Climate-Proofing the India-Pakistan Indus Water Treaty
The Indus River system is a vital resource for 300 million people in India and Pakistan. The World Bank mediated the 1960 Indus Water Treaty (IWT), which was envisioned as a permanent resolution to water-sharing disputes. However, with the growing impacts of climate change, the IWT has emerged as a point of contention. Failing to address these impacts could lead to migration crises and supply chain disruptions, or even trigger a conflict between nuclear-armed nations. The IWT should be updated to include climate change-related data-sharing and the division of “tradeable goods” from the river system.
Currently, the Indus River Basin’s water supplies are overstretched. Projections indicate that, due to rising temperatures between now and 2030, the Indus River Basin will face a water deficit of 50 percent. The projected demand from India alone will be twice the available supply.
Climate change will also lead to a rise in erratic droughts and floods in both countries. Global climate models indicate that the basin has already experienced increased rainfall. Unpredictable flooding poses a significant threat to populations residing in the basin and adversely affects agricultural productivity. In addition to changing hydrological cycles, the quality of water is also declining, leading to health risks and reduced biodiversity.
Climate change pressure on the Indus River system can have adverse effects, such as large-scale migration, disruption of agricultural supply chains, and energy shortages, as was seen in Central Java, Indonesia, which also faces climate-induced river overflows. Experts have posited that water disputes between India and Pakistan could potentially lead to an armed conflict between two nuclear powers.
The IWT should be amended to reflect growing climate change concerns. Amendments should focus on two areas: building and strengthening data collection streams and monetary quantification of water resources.
The IWT relies on historical data to predict water supplies; the assumption is that the supply will remain consistent. However, this no longer holds true due to climate change.
While some data-sharing mechanisms do exist, the IWT should emphasize building mechanisms to quantify and collect data regarding climate change, while also strengthening existing data collection and sharing streams.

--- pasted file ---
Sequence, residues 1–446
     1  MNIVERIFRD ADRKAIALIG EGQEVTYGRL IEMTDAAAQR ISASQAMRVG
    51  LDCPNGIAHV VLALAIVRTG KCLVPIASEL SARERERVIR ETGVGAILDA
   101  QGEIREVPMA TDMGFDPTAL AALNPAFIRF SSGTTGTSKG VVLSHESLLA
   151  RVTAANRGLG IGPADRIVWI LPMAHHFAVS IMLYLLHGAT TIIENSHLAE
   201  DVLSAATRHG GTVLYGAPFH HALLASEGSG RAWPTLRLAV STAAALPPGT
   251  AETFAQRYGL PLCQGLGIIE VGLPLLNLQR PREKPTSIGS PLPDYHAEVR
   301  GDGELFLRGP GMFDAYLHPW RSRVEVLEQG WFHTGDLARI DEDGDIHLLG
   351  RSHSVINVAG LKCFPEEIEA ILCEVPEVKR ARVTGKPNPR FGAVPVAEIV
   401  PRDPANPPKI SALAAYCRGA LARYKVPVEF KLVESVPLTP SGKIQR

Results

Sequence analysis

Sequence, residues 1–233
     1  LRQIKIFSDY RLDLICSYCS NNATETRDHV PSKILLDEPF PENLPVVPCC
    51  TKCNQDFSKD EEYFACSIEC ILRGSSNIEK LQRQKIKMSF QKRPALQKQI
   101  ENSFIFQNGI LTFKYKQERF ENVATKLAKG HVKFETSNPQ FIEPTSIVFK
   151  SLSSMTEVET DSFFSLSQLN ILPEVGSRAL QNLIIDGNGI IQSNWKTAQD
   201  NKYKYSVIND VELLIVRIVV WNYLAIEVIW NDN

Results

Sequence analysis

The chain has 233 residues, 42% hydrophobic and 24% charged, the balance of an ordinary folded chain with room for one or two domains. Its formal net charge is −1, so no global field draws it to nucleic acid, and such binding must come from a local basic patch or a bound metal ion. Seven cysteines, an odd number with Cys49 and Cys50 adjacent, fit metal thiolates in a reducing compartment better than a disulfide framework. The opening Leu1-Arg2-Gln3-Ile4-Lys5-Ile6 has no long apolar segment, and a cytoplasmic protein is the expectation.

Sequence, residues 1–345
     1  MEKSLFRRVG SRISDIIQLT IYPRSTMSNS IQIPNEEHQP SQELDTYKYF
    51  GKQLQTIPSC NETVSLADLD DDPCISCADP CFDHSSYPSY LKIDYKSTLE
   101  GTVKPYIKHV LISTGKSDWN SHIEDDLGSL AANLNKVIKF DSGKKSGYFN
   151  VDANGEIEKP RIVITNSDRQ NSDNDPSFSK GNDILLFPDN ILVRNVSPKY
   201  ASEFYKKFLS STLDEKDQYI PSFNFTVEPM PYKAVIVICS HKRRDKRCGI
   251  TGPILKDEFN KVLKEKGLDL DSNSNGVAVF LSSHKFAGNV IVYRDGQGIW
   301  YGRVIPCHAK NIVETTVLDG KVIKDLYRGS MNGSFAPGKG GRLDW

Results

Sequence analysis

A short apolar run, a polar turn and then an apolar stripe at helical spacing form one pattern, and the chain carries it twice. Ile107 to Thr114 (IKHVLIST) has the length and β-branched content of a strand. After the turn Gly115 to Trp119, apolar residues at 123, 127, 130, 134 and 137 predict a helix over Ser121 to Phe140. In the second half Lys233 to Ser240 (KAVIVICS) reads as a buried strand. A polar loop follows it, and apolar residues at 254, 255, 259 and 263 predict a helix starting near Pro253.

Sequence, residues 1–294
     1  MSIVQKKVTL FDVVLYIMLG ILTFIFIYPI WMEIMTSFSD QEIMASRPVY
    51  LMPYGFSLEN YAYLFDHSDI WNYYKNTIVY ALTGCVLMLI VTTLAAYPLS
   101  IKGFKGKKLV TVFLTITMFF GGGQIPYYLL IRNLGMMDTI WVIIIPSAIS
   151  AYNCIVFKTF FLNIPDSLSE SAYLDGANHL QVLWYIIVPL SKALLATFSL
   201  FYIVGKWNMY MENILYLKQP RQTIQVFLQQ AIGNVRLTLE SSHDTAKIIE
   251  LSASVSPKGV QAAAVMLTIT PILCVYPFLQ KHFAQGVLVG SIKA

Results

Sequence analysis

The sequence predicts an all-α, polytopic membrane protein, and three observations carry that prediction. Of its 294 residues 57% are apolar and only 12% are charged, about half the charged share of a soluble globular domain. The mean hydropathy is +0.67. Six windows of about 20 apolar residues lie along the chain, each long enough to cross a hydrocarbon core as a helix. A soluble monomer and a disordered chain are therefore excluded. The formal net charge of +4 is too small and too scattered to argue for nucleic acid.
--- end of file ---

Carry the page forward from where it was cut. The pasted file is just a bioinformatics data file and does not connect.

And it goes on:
Currently, there is minimal dialogue or data sharing between the two countries on the IWT. India and Pakistan should compile an annual detailed report on the evaluation of the river basin’s hydrological reactions to changing climate. The data could examine how climate change, land use change, and human activities reduce flow magnitudes in numerical terms.
Furthermore, while the IWT requires both nations to disclose flow data, this rarely happens. Additionally, the validity of provided data is in doubt. Therefore, riparian states must share data with the World Bank to ensure accountability. A similar information exchange was successfully implemented for the Mekong Reserve Commission.
Since issues of climate change can have unexpected implications for the IWT, periodic reassessment of its terms should be built into the structure to emphasize continued collaboration under the mediation of the World Bank.
The treaty should be altered so that management and ownership of resources can be quantified in terms of monetary value. This would allow water and river resources to be seen as tradable commodities. This includes structured sharing of direct benefits arising from water extraction and utilization such as wetlands, fish biodiversity as well as the health and productivity of fisheries.
To incentivize ecological improvement, benefits can be more adequately quantified in the IWT. Such management may indirectly provide goods and services that people value, such as fish for human consumption, lower water treatment costs, and other benefits. Therefore, despite frosty relations, the two countries would be incentivized to take this up for mutual benefit. After a review and assessment of quantified benefits, negotiations over divisions could be overseen by the World Bank. Other aspects such as agricultural production and urban/industrial water supply should be reasonably divided.
A similar agreement was successful in 2013 for the Senegal River Basin Multi-Purpose Water Resources Development Project, which improved the development of transboundary waterways, cross-border malaria prevention, and the development of hydroelectric generating. Through irrigation, fishery development, and agroforestry, the project improved stakeholder communities’ quality of life while generating over 18,000 new jobs and significantly increasing income for the fishing and agricultural subsectors.
The dispute between India and Pakistan over the Indus River will only be exacerbated due to the escalating effects of climate change. Regular data sharing, periodic reviews of the treaty’s provisions, and dividing tradeable goods from the river system can prevent further escalation.
This article was originally published on New Perspectives on Asia from the Center for Strategic and International Studies and is reprinted with permission.